It’s been a quiet month with very little around: common birds are coming into the garden to feed more as the temperatures have fallen, and with the recent heavy snowfall are relying on garden feeders to keep them going. Here are some images of regular garden visitors taken in February here in Trimingham:
Dunnock – also known as the Hedge Sparrow or Hedge Accentor because of its fondness for life in the hedgerow. Best way to spot the Dunnocks at the moment is to keep an eye on any brown birds flitting around with one following the other closely whilst flapping its wings continuously as if dancing to impress. They are relentless at this courtship display at the moment (early April).
Pink-Footed Goose A regular visitor to Norfolk over the winter months, arriving here to feed on the sugar beet stubble in their thousands.
Kestrel A familiar sight hovering in the sky over the cliff edge looking for prey – amazing how they just hang in the sky even during very windy days.
Bullfinch Despite being so colourful it can be an elusive and shy bird, often only giving itself away when calling.
Wren Slightly larger than our smallest bird, the Goldcrest, but with a voice louder than birds twice its size.
December 2017 Bulletin
Strange though it may seem, this is the time of year that grey seals come ashore to have their pups. I visited Horsey twice in December: the first time there were around 950 adults and 550 pups but the second time, a week later, the count was 1750 adults and 1350 pups along the 4 mile stretch of beach. They do a count every Thursday, so the number of pups had almost trebled in a week. You can see them without taking a boat trip. Simply drive 20 miles to Horsey, park in the Pay Car Park behind the dunes and walk about 400 yards to the viewing area and there they are, from new borns just hours old to adult males waiting for a chance to mate.
A recent report tells of a decline in the numbers of insects in our countryside over the past 10 years by as much as 75% with the consequent reduction in wild bird populations across most of Northern Europe. (When did you last hear a cuckoo?) This seems to coincide with the increased use by farmers of Neonicotinoids sprayed on crops in the fields.
I regularly stay in Suffolk on a farm whose owner produces organic beef from his 100 or so cattle. He uses no chemicals for pest control and his animals eat only untreated and unfertilised grass and hay produced on his farm and, guess what, there is an abundance of birds and insects on his land. Richard is now 82 but his sons run the farm on the same principles. The beef by the way is excellent…
As the days are now slowly growing longer, it’s time to start thinking about new plants and seeds for Spring.
Stormy Skies from Trimingham Beach, taken in July 2017. (Colour of the sea looks tropical!)
BUTTERFLIES AND MOTHS
Small Tortoiseshell Butterfly A common and colourful butterfly seen in good numbers around here this year. August 2017.
Comma Butterfly A lovely bright butterfly. The butterfly gets its name from the white marking on its underside, which resembles a comma. September 2017.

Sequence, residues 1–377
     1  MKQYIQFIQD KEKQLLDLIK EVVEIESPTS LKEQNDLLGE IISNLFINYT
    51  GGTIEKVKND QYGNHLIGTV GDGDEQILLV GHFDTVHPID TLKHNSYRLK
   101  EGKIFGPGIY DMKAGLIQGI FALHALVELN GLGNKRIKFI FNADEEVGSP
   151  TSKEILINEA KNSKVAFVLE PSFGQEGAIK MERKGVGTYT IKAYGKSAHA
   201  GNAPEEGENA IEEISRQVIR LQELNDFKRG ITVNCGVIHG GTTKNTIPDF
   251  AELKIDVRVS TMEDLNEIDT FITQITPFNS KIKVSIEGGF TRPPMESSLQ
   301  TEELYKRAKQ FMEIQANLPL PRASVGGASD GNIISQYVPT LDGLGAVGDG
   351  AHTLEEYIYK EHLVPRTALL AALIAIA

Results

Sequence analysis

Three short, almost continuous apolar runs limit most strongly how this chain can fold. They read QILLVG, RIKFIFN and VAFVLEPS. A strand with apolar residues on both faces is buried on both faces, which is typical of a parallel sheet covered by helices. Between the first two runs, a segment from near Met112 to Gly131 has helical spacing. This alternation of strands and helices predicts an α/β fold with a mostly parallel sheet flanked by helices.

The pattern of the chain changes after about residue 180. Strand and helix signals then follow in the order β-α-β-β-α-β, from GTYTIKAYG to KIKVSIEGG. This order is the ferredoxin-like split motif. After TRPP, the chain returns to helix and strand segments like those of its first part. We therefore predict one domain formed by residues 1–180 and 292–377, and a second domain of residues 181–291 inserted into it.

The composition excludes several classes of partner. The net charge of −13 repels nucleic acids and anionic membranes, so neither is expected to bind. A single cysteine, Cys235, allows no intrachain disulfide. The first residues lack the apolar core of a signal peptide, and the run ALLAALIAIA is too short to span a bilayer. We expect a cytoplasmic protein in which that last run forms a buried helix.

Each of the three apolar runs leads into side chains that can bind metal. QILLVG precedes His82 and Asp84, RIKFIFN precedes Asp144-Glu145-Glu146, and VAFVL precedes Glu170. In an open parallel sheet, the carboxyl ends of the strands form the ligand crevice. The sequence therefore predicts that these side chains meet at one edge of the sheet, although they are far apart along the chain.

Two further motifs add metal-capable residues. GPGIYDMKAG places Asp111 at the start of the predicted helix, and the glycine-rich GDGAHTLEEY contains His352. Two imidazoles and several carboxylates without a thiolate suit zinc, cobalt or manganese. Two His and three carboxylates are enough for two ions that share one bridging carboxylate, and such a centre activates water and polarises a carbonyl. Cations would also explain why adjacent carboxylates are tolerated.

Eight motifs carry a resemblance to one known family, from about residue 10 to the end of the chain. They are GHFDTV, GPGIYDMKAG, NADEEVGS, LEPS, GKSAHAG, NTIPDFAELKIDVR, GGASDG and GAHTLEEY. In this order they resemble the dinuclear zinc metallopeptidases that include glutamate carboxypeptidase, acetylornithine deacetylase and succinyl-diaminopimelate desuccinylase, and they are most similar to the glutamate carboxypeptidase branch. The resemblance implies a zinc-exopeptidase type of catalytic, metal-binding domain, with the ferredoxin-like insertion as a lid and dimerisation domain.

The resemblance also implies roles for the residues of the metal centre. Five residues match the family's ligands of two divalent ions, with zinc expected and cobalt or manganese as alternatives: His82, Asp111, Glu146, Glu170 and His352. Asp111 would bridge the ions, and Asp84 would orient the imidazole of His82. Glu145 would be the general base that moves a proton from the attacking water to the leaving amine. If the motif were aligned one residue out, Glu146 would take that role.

Hummingbird Hawkmoth A small day flying moth normally seen hovering whilst feeding on nectar, not resting up as in this image. A migrant moth from warmer climates, always a delight to see in your garden. September 2017.
Red Admiral Butterfly It seems to have been a very good year for this butterfly. September 2017.
Common Buzzard Seen here hovering like a Kestrel over the clifftops looking for food. September 2017.
Wheatear At this time of the year they are moving south to winter in Africa. October 2017.
Redwing A lovely but shy thrush which overwinters here in numbers. During October there was a large fall of these thrushes alongside numerous Blackbirds, brought down by the fog. Regular flocks of these can be seen flying in off the sea and then stopping to feed before moving on. I counted at least 50 birds in one flock in the paddock behind my house!
Yellow browed Warbler This little Siberian beauty is seen arriving in the UK during September and October, a scarce visitor but regularly seen around Trimingham.
Nature Notes by Mike Lawrence
15th November 2017
Yesterday I found a Glaucous Gull down on the beach amongst the large gulls.
Glaucous Gull: A large “white winged” gull that breeds in the arctic region but is a scarce but regular visitor to the our shores during winter months.
23rd November 2017
Golden Plover These birds gather in large flocks on farmland during the winter: the flock on the western edge of Trimingham has grown close to 200 birds recently.
Skylark Warming itself up in the early morning sun.
Early December 2017
Watercolour! December started with this colourful sight as rain clouds moved in off the sea.
Brent Geese These geese would have moved from their breeding grounds in Russia to spend the winter months here in Norfolk.
Harbour Porpoise After seeing a number off Trimingham during the summer they seemed to have moved away – so finding a pod of these hunting off the coast about 400-500 metres offshore today was a welcome sight.
Further pictures and notes on Natural History can be found on Mike Lawrence’s blog, “Back in Birdland”, which you can access from this link: